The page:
Clear a spot and carry the individual items into the clean room. Try to plan ahead to reduce the number of trips.

Layout your parts, starting with the legs.

Layout the rest of the table parts. This will help you get a sense of where the table will sit in the room and will speed up assembly. Note, for tables wider than 96", the table frame is broken into multiple widths, as well as lengths.

Begin assembling the table. Two people make this go much faster - thanks Ben! The entire installation will take about eight hours, so plan to have your cutting area out of commissioning for at least one shift.

Assembly panorama

Framing continued.

Framing complete! Before adding the table tops, it is important you position your table where you would like it to remain.

Once settled, add the table tops.

Square and level your table. Now you can tighten all nuts and bolts.

Attach the vacuum plumbing. In a clean room, we use flexible plumbing so that additional vacuum can easily be added if needed. It is common to use smaller HP blowers to limit the amount of air stirred around the room.

This 1.5HP, single phase 115vac blower is sized to provide enough suction for a table completely covered with non-porous laminate.

Mount track side A. Please take the time to clearly follow the track installation instructions.

Pull out your plotter/cutter. Admire. You will use the machine as a jig to square your track.

Attach side B.

Your plotter/cutter is almost installed. Prepare your cutting surface by first laying down strips of vacuum breather mesh. This will allow air to flow between your table top and cutting surface.

Attach plastic cutting surface. The cutting surface is secured with packing tape. Flip and rotate sides until you discover the best fit that offers the smallest gaps between sections. Often, the plastic at the front of the table will wear before the end. A good solution is replacing the first 1' of cutting surface with a narrow strip that can quickly be replaced as it wears.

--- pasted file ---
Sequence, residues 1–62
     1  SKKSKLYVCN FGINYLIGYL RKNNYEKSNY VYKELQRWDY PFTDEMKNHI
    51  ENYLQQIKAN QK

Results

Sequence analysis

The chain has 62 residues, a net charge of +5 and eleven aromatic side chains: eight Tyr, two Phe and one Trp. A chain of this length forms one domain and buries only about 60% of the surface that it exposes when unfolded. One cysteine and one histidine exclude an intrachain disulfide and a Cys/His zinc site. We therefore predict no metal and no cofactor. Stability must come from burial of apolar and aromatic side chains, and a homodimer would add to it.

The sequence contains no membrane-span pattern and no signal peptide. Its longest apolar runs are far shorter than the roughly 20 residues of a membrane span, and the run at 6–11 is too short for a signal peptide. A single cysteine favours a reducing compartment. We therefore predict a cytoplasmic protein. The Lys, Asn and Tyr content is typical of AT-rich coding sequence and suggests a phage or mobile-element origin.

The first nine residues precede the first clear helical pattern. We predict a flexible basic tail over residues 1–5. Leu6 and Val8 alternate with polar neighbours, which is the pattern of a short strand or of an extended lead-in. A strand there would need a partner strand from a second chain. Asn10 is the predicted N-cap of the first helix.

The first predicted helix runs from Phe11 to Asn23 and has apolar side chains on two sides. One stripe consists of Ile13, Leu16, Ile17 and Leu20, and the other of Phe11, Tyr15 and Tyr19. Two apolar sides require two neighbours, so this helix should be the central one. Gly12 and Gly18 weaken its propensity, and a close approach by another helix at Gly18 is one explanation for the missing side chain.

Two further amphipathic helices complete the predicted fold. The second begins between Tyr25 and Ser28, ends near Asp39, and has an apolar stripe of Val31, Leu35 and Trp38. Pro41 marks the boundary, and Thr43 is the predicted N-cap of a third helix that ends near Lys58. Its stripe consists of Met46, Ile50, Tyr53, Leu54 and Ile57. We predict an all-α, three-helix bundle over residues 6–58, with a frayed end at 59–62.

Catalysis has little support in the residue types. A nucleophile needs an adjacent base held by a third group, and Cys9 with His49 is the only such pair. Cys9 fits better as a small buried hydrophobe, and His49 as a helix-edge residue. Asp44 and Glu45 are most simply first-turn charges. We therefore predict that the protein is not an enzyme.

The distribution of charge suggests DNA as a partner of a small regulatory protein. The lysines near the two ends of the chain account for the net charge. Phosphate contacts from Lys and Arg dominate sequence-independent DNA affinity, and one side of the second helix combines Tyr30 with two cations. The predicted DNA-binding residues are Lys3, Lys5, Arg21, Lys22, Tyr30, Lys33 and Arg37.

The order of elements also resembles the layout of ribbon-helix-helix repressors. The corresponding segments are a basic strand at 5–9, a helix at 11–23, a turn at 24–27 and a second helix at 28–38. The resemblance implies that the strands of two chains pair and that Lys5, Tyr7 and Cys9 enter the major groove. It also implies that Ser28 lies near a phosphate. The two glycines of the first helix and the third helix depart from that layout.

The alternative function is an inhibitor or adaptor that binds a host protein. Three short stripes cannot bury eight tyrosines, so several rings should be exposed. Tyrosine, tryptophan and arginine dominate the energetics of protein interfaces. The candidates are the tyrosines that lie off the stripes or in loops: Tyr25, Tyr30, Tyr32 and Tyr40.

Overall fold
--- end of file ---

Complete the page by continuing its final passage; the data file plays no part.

Assemble your operator's workstation. The workstation can be any area where you can place a monitor, keyboard, and computer. We like to use tuffy carts on wheels, with a lockable storage container and wide screen monitor. Our computers tuck nicely inside, along with manual and spares kit. Unfortunately our PC was not setup for their network during the training session, so we used an old existing tower PC from someone's office. Carlson systems are very flexible!

Finally, install plotter/cables and cable management. It may take a week or more of actual production to determine exactly where you want your workstation. Once you've selected a final location, then you can run more permanently secure your cabling. To start, hang them off the side of the table with the least traffic. In time, these can be run overhead, under the table, or left as is.

Ta Da! You have successfully installed your plotter/cutter. Tomorrow the training begins.

Close up.

First cut.

Different angles.

To begin training, we recommend gathering everyone who might interact with the machine for an introductory session. We start by explaining what's what.

Group training is important, but only for the first session. After this, we need to select our "go-to" operator.

Training a specific operator is ideal. They will be our contact for service and support -- even if they don't actually service the machine. Our systems are very simple, so most learning occurs through repetition. Over the course of an install, there is typically only time for one person to really become a proficient operator.

Once trained, this person can train others to use the system. In a production environment, it is not uncommon for there to be multiple operators, over multiple shifts. Teaching is one of the best ways to really learn something.

Final thumbs up! Big thanks to Roy, Phil, Rick, Todd, Heather, and Benjamin for all their help making this a successful install. Happy cutting!